In defense, the attorney for Genesee County narrowed her focus upon three main concepts. In cross examination of Mr. Harrison she was keen to determine how loud drones were, asking about the noise levels of various sizes and styles of drones. She then turned towards a drone “fly-in” protest organized by Mr. Harrison and other members of MCDO. The fly-in, per her suggestions, was unlawful as it did not have a special group park use permit, making the argument that the roughly dozen attendees would constitute the need for a permit that was never sought. And counsel finally zeroed in on whether or not Mr. Harrison had ever flown with commercial intent in the Genesee County Parks offering up that any commercial use of the parks – even a photographer taking family or senior portraits in the parks – would require a $75 per day use permit.

With the approach of 5pm, Judge Farah noted that a final decision could not be made immediately but that no further oral arguments would be heard for the case. Instead a strict 10 day period for the filing of amended briefs would be tendered to both plaintiff and defense with a written court decision following shortly after. With that the court recessed and parties departed.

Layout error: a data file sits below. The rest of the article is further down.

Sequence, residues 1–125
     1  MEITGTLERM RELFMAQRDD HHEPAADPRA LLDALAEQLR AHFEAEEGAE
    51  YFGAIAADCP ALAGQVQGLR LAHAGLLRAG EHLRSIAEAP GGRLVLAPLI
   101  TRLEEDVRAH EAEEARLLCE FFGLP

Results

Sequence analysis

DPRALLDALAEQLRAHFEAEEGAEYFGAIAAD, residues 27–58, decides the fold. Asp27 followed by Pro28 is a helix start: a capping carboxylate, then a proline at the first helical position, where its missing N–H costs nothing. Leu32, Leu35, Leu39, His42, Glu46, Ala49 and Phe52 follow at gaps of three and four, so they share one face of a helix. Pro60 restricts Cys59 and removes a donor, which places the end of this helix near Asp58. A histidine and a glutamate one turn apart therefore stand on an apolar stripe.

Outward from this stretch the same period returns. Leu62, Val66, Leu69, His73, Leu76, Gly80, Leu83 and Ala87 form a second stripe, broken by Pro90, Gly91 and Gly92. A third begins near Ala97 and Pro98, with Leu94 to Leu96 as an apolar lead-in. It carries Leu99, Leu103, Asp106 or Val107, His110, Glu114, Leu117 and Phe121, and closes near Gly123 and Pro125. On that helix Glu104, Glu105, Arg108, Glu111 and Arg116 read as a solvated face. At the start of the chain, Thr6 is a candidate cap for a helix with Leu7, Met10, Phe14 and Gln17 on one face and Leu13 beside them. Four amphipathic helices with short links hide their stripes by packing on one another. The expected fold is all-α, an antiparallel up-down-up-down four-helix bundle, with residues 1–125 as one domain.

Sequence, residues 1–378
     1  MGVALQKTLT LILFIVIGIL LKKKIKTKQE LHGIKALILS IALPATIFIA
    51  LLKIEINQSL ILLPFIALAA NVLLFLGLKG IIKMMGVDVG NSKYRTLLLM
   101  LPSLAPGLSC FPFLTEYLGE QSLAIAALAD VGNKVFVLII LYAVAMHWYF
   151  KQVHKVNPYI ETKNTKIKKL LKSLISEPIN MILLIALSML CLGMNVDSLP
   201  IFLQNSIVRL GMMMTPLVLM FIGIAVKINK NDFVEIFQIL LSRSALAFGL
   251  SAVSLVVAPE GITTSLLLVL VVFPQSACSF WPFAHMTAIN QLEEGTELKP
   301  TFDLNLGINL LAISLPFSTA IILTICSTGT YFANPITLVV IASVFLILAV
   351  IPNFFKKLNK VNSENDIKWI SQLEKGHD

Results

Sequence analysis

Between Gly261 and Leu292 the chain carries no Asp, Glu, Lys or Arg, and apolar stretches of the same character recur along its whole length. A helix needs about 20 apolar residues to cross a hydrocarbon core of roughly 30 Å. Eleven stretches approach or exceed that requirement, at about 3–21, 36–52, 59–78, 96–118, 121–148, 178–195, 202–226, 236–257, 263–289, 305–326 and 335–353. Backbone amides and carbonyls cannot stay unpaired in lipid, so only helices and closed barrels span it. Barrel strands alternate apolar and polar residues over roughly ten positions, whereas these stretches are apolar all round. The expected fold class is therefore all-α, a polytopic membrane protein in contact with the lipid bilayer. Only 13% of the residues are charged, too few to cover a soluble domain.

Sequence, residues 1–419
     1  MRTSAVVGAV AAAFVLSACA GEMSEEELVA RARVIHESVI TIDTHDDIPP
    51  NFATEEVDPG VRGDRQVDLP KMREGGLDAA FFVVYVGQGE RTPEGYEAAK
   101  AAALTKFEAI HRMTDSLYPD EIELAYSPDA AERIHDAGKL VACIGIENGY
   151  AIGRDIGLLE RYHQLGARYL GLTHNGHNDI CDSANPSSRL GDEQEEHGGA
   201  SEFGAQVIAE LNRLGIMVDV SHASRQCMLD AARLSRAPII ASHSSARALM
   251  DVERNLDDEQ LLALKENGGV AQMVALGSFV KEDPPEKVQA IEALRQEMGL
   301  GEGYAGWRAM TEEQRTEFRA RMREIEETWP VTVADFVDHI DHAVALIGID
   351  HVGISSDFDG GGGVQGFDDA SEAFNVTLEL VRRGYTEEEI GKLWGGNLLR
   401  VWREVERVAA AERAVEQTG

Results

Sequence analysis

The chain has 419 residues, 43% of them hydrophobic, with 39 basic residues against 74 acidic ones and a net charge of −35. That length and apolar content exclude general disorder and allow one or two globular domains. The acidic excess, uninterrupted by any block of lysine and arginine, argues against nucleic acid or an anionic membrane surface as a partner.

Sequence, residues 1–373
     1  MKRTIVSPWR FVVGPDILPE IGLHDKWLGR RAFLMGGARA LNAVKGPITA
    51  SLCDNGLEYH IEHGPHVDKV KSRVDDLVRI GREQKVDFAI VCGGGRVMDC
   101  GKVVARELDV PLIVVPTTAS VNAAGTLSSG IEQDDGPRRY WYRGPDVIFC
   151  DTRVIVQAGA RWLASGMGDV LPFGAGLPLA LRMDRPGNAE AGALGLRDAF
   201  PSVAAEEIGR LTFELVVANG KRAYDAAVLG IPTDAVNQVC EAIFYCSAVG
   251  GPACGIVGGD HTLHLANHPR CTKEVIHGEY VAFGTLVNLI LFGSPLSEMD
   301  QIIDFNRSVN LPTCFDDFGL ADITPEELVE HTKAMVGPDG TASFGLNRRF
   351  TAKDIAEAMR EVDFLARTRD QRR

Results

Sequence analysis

The hearing was well attended by drone operators. Fourteen drone operators from around the state came out to support the lawsuit, many donning identical drone ties. Mr. Harrison’s parents also were in attendance to listen to their son’s testimony. Michigan is one of 17 states that have state laws with the same or highly similar preemption language that disallow local governments from creating a patchwork of drone ordinances. The ruling in this case would set a precedent for the State of Michigan on the legality of the preemption clause. If affirmed, it is reasonable to assume that the 33 other states in the nation would be likely to pass similar state law, a move that many drone operators state is necessary to ensure a consistent framework of legal operation. The FAA themselves have publicly argued that localities should not create their own ordinances as doing such actually endangers the national airspace. In the end, while no final decision came through, drone operators felt confident in the legal arguments made and are anxiously awaiting the final word.